through preposition Meaning in the Cambridge Learner’s Dictionary Cambridge dictionaries logo
Cambridge Dictionaries online Cambridge Dictionaries online

The most popular online dictionary and thesaurus for learners of English

Meaning of “through” - Learner’s Dictionary

through

preposition     /θruː/
ONE SIDE TO ANOTHER
A2 from one end or side of something to the other: The River Seine flows through Paris. The sun was shining through the window. She cut through the wire.Through, across, opposite and against
START TO END
B1 from the start to the end of something: He worked through the night. The phone rang halfway through the programme.Through, across, opposite and against
BECAUSE OF
B1 because of someone or something, or with someone's help: I got the job through my mum's friend. He became ill through eating undercooked meat.Connecting words which introduce a cause or reason
UNTIL US ( UK/US to)
from a particular time until and including another time: The store is open Monday through Friday. I worked there from May through September.Until a particular moment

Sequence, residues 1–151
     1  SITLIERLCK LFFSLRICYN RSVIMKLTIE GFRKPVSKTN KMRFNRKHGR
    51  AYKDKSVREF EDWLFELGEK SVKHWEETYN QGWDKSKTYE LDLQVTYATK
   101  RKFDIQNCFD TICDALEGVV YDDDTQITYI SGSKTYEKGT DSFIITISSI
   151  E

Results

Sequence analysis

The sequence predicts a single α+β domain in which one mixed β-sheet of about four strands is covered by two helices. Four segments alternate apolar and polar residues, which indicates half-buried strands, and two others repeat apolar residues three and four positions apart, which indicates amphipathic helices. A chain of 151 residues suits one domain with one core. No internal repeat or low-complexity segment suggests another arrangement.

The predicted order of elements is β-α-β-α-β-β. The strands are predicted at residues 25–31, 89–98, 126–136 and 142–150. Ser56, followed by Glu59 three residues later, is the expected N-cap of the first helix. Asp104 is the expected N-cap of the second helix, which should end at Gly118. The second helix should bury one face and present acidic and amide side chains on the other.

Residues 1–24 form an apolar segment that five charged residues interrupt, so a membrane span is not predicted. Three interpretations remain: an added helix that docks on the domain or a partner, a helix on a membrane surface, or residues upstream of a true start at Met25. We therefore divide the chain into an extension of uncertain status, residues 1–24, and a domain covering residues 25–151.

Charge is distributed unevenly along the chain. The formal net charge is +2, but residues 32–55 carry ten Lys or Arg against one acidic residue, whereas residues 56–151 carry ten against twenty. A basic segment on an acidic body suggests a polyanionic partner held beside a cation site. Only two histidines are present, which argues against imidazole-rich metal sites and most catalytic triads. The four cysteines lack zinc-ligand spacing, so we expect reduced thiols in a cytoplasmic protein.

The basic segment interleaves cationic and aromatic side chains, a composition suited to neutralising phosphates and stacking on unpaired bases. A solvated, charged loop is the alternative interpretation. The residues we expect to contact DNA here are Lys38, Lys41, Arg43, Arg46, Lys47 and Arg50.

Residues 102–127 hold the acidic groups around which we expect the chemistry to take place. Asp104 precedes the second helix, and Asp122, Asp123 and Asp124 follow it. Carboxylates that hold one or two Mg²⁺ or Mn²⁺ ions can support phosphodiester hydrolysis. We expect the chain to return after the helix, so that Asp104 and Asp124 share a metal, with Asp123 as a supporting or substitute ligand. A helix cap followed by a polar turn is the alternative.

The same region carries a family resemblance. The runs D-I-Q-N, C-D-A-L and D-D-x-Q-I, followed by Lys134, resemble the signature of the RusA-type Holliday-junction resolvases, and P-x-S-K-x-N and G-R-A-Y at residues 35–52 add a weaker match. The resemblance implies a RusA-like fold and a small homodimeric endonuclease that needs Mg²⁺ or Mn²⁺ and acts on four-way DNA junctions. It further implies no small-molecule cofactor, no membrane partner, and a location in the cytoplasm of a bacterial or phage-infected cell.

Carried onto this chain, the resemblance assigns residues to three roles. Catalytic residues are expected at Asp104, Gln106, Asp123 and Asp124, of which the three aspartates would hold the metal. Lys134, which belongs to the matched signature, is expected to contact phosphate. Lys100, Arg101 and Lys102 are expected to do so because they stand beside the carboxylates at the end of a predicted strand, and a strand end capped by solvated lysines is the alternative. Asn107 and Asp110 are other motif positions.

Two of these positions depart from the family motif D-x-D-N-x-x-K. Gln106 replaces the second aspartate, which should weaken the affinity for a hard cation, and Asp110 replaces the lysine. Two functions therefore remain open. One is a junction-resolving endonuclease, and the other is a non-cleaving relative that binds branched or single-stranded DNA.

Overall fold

(Definition of through preposition from the Cambridge Learner’s Dictionary © Cambridge University Press)
Add Cambridge dictionaries to your browser to your website
Avoiding common errors with the word enough.
Avoiding common errors with the word enough.
by ,
May 25, 2016
by Liz Walter Enough is a very common word, but it is easy to make mistakes with it. You need to be careful about its position in a sentence, and the prepositions or verb patterns that come after it. I’ll start with the position of enough in the sentence. When we use it with a noun,

Read More 

Word of the Day

sunscreen

a substance that you put on your skin to prevent it from being damaged by the sun

Word of the Day

convo noun
convo noun
May 23, 2016
informal a conversation The convo around concussions mostly focuses on guys who play football, but Chastain thinks that this whole thing could be a headache for women too.

Read More